Military Counterplan Notes

Coast guard has the necessary capabilities to be successful in the Arctic

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Coast guard has the necessary capabilities to be successful in the Arctic

Papp Jr, Feb 2012 – Robert J. Papp. Jr. is a former United States Coast Guard admiral and served as the 24th Commandant of the U.S. Coast Guard. (Robert J., “The Emerging Arctic Frontier” US Naval Institute,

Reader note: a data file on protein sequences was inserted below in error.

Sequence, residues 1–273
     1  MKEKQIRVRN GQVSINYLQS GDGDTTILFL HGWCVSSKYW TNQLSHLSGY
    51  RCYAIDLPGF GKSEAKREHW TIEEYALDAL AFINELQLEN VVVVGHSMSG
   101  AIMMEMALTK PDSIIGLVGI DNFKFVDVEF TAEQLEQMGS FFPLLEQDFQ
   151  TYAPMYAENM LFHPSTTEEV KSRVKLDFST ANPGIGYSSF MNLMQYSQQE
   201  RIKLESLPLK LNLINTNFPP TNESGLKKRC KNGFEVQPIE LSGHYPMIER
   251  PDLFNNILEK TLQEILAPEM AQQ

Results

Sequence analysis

The world may seem to be growing smaller, but its seas are growing bigger—particularly in the great North, where a widening water-highway beckons both with resources and challenges. As a maritime nation, the United States relies on the sea for our prosperity, trade, transportation, and security. We are also an Arctic nation. The Arctic region—the Barents, Beaufort, and Chukchi seas and the Arctic Ocean—is the emerging maritime frontier, vital to our national interests, economy and security. 1 The Arctic Ocean, in the northern region of the Arctic Circle, is changing from a solid expanse of inaccessible ice fields into a growing navigable sea, attracting increased human activity and unlocking access to vast economic potential and energy resources. In the 35 years since I first saw Kotzebue, Alaska, on the Chukchi Sea as a junior officer, the sea ice has receded from the coast so much that when I returned last year the coastal area was ice-free. The shipping, oil-and-gas, and tourism industries continue to expand with the promise of opportunity and fortune in previously inaccessible areas. Experts estimate that in another 25 years the Arctic Ocean could be ice-free during the summer months. 2 This change from “hard” to “soft” water, growing economic interests and energy demands, and increasing use of the seas for maritime activities by commercial, native, and recreational users demands a persistent, capable U.S. Coast Guard presence in the Arctic region. Our mandate to protect people on the sea, protect people from threats delivered by sea, and protect the sea itself applies in the Arctic equally as in the Atlantic and Pacific oceans and Gulf of Mexico and Caribbean Sea. The difference is that in the rest of the maritime domain, we have an established presence of shore-based forces, small boats, cutters, and aircraft supported by permanent infrastructure and significant operating experience. Although the Coast Guard has operated in southern Alaska, the Gulf of Alaska, and Bering Sea for much of our history, in the higher latitudes we have little infrastructure and limited operating experience, other than icebreaking. Historically, such capabilities were not needed. Year-round ice, extreme weather, and the vast distances to logistical support, prevented all but icebreakers or ice-strengthened ships from operating there. As a result, commercial enterprise on any significant scale was nonexistent. But the Arctic is emerging as the new maritime frontier, and the Coast Guard is challenged in responding to the current and emerging demands. The economic promise of oil and gas production in the Arctic is increasingly attractive as supply of energy resources from traditional sources will struggle to meet demand without significant price increases. The Arctic today holds potentially 90 billion barrels of oil, 1.6 trillion cubic feet of natural gas, and 44 billion barrels of natural gas liquids, 84 percent of which is expected to be found in offshore areas. This is estimated to be 15 percent of the world’s undiscovered oil reserves and 30 percent of natural gas reserves. Oil companies are bidding hundreds of millions of dollars to lease U.S. mineral rights in these waters and continue to invest in developing commercial infrastructure in preparation for exploration and production, and readiness to respond to potential oil spills or other emergencies. 3 In August, the Department of the Interior granted Royal Dutch Shell conditional approval to begin drilling exploratory wells in the Beaufort Sea north of Alaska starting next summer. ConocoPhillips may begin drilling in the Chukchi Sea in the next few years. Also, Russia has announced plans for two oil giants to begin drilling as early as 2015, and Canada has granted exploration permits for Arctic drilling. 4 The fisheries and seafood industry in the southern Arctic region (the Bering Sea and Gulf of Alaska) sustains thousands of jobs and annually produces approximately 1.8 million metric tons’ worth of catch valued at more than $1.3 billion. 5 Although subsistence-hunting has occurred in the higher latitudes for centuries, as waters warm, fish and other commercial stocks may migrate north, luring the commercial fishing industry with them. As the Arctic Ocean becomes increasingly navigable it will offer new routes for global maritime trade from Russia and Europe to Asia and the Americas, saving substantial transit time and fuel costs from traditional trade routes. In summer 2011, two Neste oil tankers transited the Northeast Passage from Murmansk to the Pacific Ocean and onward to South Korea, and Russian Prime Minister Vladimir V. Putin pledged to turn it into an important shipping route. 6 Because of these opportunities and the clamor of activities they bring, a legally certain and predictable set of rights and obligations addressing activity in the Arctic is paramount. The United States must be part of such a legal regime to protect and advance our security and economic interests. In particular, for the past several years there has been a race by countries other than the United States to file internationally recognized claims on the maritime regions and seabeds of the Arctic. Alaska has more than 1,000 miles of coastline above the Arctic Circle on the Beaufort and Chukchi seas. 7 Our territorial waters extend 12 nautical miles from the coast, and the exclusive economic zone extends to 200 nautical miles from shore (just as along the rest of the U.S. coastline). That’s more than 200,000 square miles of water over which the Coast Guard has jurisdiction. Below the surface, the United States also may assert sovereign rights over natural resources on its continental shelf out to 200 nautical miles. However, with accession to the Law of the Sea Convention, the United States has the potential to exercise additional sovereign rights over resources on an extended outer continental shelf, which might reach as far as 600 nautical miles into the Arctic from the Alaskan coast. Last summer, the Coast Guard cutter USCGC Healy (WAGB-20) was under way in the Arctic Ocean, working with the Canadian icebreaker Louis S. St-Laurent to continue efforts to map the extent of the continental shelf. The United States is not a party to the Law of the Sea Convention. While this country stands by, other nations are moving ahead in perfecting rights over resources on an extended continental shelf. Russia, Canada, Denmark (through Greenland), and Norway—also Arctic nations—have filed extended continental-shelf claims under the Law of the Sea Convention that would give them exclusive rights to oil and gas resources on that shelf. They are making their case publicly in the media, in construction of vessels to patrol these waters, and in infrastructure along their Arctic coastline. Even China, which has no land-mass connectivity with the Arctic Ocean, has raised interest by conducting research in the region and building icebreakers. 8 The United States should accede to the Law of the Sea Convention without delay to protect our national security interests: sovereignty, economy, and energy. Wherever human activity thrives, government has a responsibility to uphold the rule of law and ensure the safety and security of the people. The Coast Guard is responsible for performing this mission on the nation’s waters, as we have done in parts of Alaska over our 221-year history. Coast Guard operations in the Arctic region are not new. Nearly 150 years ago, we were the federal presence in the “District of Alaska,” administering justice, settling disputes, providing medical care, enforcing sovereignty, and rescuing people in distress. Our heritage is filled with passages of Coast Guardsmen who braved the sea and ice in sailing ships and early steam ships to rescue mariners, quash illegal poaching, and explore the great North. World War II ushered in the service’s first icebreakers. In 1957, three Coast Guard cutters made headlines by becoming the first American vessels to circumnavigate the North American continent through the Northwest Passage. That mission was in support of an early Arctic imperative to establish the Distant Early Warning Line radar stations to detect ballistic-missile launches targeting the United States during the Cold War. The Coast Guard presence in southern Alaska, the Bering Sea, and Gulf of Alaska continues to be persistent and capable, matching the major population and economic concentrations and focus of maritime activities. The 17th Coast Guard District is responsible for directing the service’s operations in Alaska with: • two sectors • two air stations • twelve permanently stationed cutters and normally one major cutter forward-deployed from another area • three small-boat stations • six marine safety units or detachments • one regional-fisheries training center • five other major mission-support commands. 9 We ensure maritime safety, security, and stewardship in the region by conducting search and rescue, fisheries enforcement, inspection and certification of ships and marine facilities to ensure compliance with U.S. and international safety and security laws and regulations, and preventing and responding to oil spills and other water pollution.